Survivor, Liberator Honored
Survivor Ernie Gross and liberator Don Greenbaum were honored Jan. 20 by American Legion Post 405 at the Union League.
Both men were named honorary members of the post for their past service, as well as a prior program they conducted.
The paths of Gross and Greenbaum first crossed in 1945 at the end of World War II — Gross as a survivor of the Dachau concentration camp and Greenbaum as liberator from the United States.
Following Dachau’s liberation, it was another 66 years before the two men officially discovered each other’s identity, a reunion sparked by a 2011 essay printed in the Jewish Exponent.
Ever since that meeting, Gross, who grew up in Romania but moved to Philadelphia after the war, and Greenbaum, a lifetime Philadelphian, have become close friends and have gone on the road, publicly sharing their story with schools and other groups to raise awareness about the horrors of the Holocaust.
In 2015, the pair returned to Germany to join other survivors and former Army liberators in a May 3 ceremony commemorating the 70th anniversary of Dachau’s liberation.
Climate Change Call to Action Initiated by Philadelphia Rabbi
More than 500 rabbis and Jewish leaders signed a call to action to fight climate change initiated by longtime activist Rabbi Arthur Waskow of the Shalom Center in Philadelphia, according to The New York Jewish Week.
The statement includes suggestions that include “urging our banks and our politicians to … move away from investments in and subsidies of carbon corporations and protect by investing in renewable wind and solar energy,” as well as “persuading ourselves and our congregations and communities to move our own money, create solar energy co-ops, establish carpools to lessen reliance on gas and adopt additional modes of kashrut to include foods and energy sources that heal, not harm, our planet.”
“I think it’s fair to say that many people in the Jewish community have been concerned about the environment for a really long time,” said Ruth Messinger, who served as president of the American Jewish World Service for 20 years. “But in the last few years it’s become sort of a dramatic crisis that’s visible to everyone, that requires the community to be that much more concerned and focused.”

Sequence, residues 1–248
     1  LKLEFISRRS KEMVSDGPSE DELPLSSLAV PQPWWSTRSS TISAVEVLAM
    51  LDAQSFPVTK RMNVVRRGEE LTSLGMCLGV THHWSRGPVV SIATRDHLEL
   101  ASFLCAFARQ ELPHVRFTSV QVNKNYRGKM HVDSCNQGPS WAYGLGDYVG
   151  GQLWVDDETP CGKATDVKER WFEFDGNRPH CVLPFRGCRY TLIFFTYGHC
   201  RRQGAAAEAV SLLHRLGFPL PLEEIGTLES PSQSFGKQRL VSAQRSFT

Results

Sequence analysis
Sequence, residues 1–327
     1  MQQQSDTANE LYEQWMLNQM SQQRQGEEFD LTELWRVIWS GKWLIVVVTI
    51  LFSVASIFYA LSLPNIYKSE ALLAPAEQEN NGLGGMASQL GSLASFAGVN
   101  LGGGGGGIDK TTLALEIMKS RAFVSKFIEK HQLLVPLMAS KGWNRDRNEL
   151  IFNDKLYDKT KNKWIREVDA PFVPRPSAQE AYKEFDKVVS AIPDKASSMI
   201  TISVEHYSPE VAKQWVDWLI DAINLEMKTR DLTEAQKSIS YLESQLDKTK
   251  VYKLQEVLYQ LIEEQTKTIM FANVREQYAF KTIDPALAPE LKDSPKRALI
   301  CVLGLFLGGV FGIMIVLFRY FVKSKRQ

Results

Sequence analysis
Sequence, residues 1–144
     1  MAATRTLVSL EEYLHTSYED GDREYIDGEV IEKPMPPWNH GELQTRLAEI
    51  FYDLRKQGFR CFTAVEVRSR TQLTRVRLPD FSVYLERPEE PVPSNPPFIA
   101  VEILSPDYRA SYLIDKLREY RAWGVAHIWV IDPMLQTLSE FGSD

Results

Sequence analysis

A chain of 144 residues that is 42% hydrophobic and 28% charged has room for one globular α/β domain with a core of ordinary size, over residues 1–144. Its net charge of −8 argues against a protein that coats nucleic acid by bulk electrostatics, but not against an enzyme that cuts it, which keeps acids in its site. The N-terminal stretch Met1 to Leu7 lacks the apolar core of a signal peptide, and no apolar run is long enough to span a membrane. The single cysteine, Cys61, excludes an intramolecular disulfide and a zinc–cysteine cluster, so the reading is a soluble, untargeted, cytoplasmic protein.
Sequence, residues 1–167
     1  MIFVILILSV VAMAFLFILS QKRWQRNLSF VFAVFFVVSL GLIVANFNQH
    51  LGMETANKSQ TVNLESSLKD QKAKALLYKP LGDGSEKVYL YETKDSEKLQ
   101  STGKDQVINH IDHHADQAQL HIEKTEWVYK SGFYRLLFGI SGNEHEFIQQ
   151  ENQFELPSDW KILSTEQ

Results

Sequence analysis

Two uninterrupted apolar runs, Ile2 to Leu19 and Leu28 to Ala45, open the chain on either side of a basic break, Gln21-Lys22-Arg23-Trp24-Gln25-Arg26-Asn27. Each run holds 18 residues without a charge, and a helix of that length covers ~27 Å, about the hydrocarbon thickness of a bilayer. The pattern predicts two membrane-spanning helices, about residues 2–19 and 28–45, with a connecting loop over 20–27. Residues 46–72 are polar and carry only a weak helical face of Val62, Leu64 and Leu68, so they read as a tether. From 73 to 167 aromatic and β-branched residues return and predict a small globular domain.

Those who signed the call to action include social justice leaders like Rabbi Sharon Kleinbaum of Congregation Beit Simchat Torah in Manhattan, Rabbi Sharon Brous of Ikar in Los Angeles and Rabbi Jill Jacobs of the rabbinic human rights organization T’ruah.
JCHAI Plans Open House Jan. 29
Judith Creed Horizons for Achieving Independence, which works with those 18 and older with autism and/or intellectual disabilities, will hold an open house and apartment visits at 6 p.m. on Jan. 29 at its Radnor campus.
At the open house, JCHAI will discuss its Transitions program, which provides social, creative activities and training after school/work and on weekends for young adults 18-30; JCHAI at Home, an individualized support program that provides social workers to train members who are in their own apartments or living with their families to live and work independently; and its JCHAI Supported Apartments, which offer independent living and vocational supports in an apartment setting in the Radwyn Apartments in Bryn Mawr.
For questions or to RSVP, contact Beth Rosenwasser, director of community engagement and program development, at BethRosenwasser@jchai.org or 215-498-1270.
NMAJH Admission Free of Charge in January and February
The National Museum of American Jewish History announced that there will be free admission for all visitors throughout January and February because of a sponsorship from the Parkway Corp.
Free admission includes access to the museum’s core exhibition highlighting more than 360 years of life in the United States, told through a Jewish lens.